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I'm trying to find the power in an aperture from a Gaussian beam, where the aperture is offset from the beam center. The solution is the following equation (reference) (sorry, no LaTeX here):

enter image description here

Wz is a constant, along with a and r. I'm not sure how I can do something like this with MATLAB. Does anyone have a suggestion? I know there's a dblquad() function, but it assumes that the limits of integration are fixed, and not dependent on each other.

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4 Answers 4

Using a bit of mathematical footwork, you could reduce the double integral to a single one (albeit containing the error function) which should be easier to calculate numerically in MATLAB:

enter image description here

(With reservation for errors; check the calculations yourself if possible.)

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Nice work @You. I found a newer MATLAB function, "quad2d()" that seems to do what I want, but your solution look very good too. –  gallamine Jan 10 '12 at 23:39

It turns out that more recent versions of MATLAB now have a quad2d() function, which does a 2d integral over a surface. Example 2 on the reference page details an example of doing this type of integration.

My code ended up looking something like this:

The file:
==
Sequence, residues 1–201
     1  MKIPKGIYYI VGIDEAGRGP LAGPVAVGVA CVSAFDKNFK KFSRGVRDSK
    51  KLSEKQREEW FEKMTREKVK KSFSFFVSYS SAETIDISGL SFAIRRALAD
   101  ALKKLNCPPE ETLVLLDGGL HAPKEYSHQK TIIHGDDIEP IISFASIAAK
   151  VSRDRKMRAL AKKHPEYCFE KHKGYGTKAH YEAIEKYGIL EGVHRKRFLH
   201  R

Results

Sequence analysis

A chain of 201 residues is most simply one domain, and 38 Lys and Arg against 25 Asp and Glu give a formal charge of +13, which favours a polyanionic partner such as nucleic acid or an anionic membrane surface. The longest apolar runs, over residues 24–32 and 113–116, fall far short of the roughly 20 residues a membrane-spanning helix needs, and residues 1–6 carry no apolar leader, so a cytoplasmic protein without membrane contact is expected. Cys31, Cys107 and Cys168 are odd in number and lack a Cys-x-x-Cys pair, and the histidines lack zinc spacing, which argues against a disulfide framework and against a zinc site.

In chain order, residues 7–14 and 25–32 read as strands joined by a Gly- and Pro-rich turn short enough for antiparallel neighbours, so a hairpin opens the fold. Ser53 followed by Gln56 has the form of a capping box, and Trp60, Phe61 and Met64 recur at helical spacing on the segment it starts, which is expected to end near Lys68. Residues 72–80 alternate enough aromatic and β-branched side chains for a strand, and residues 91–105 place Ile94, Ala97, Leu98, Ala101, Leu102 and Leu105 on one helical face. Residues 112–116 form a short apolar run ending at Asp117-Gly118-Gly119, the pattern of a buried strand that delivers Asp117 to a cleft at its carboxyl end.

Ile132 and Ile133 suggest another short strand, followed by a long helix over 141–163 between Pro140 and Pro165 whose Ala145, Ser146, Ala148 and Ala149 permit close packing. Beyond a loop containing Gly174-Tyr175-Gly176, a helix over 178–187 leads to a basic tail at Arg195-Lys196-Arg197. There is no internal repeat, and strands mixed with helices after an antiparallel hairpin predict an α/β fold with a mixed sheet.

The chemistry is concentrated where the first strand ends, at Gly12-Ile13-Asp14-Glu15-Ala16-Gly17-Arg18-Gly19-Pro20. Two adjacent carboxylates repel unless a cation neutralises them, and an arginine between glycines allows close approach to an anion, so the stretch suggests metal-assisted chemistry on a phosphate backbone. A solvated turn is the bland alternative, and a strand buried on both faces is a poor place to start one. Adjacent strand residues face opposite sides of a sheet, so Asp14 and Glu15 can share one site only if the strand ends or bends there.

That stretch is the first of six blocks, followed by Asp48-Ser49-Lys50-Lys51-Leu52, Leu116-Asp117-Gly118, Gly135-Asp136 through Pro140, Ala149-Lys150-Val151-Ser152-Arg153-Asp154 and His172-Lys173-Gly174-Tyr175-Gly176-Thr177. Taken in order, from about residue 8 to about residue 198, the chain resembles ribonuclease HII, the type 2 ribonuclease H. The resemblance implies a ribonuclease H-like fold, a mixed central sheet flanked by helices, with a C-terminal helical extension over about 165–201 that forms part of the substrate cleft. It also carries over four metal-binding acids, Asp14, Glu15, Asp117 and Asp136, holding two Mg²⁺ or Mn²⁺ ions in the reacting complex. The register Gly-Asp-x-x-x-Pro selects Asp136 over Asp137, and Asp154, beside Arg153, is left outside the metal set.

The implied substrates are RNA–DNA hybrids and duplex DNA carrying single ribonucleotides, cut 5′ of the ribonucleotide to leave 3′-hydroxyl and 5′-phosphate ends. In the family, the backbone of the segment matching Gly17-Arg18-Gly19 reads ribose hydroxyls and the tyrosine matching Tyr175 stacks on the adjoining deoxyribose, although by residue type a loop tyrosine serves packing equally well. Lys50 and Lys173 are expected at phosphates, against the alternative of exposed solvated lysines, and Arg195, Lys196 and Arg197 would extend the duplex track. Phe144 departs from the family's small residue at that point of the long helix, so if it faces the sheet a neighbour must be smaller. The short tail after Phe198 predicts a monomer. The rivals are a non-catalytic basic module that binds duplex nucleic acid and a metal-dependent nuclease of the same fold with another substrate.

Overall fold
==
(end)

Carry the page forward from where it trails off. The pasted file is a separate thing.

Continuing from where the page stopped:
powerIntegral = @(x,y) 2/(pi*W^2)*exp(-2*((x - offsetDist).^2 + y.^2)/(W^2)); 
ymin = @(x) -sqrt(radius.^2 - x.^2);
ymax = @(x) sqrt(radius.^2 - x.^2);
powerRatioGaussian = quad2d(powerIntegral,-radius,radius,ymin,ymax);

Pretty nifty. Thanks for the help.

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I am not sure, but I think that the symbolic toolbox can help you here. It is suited for this kind of problems. You can define your variables as symbolic vars using the syms command, and compute the integral symbolically. Then, you can assign the variables values and find the actual value.

Disclaimer : I have never actually used it myself.

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Generally speaking, for numeric integration, you can transform an integral with dependent boundary conditions to one with independent boundaries by multiplying by a function that is 1 if you are inside the original boundary and 0 if you are outside. Then take your limits to be a square that contains your original conditions. In other words here you would multiply by

g(x,y) = ((x^2 + y^2) < a^2)

and your limits would be -a

You have to be a little careful about the continuity assumptions in your integration method, but you should be OK unless something is very weird. You can always check by changing your cell size and making sure the computed integral value doesn't change.

In this particular case, you could also make the transformation from cartesian to polar coordinates;

x = rcos(t)

y = rsin(t)

dxdy = rdrdt

Then your limits of integration would be r from 0 to a and t from 0 to 2*pi

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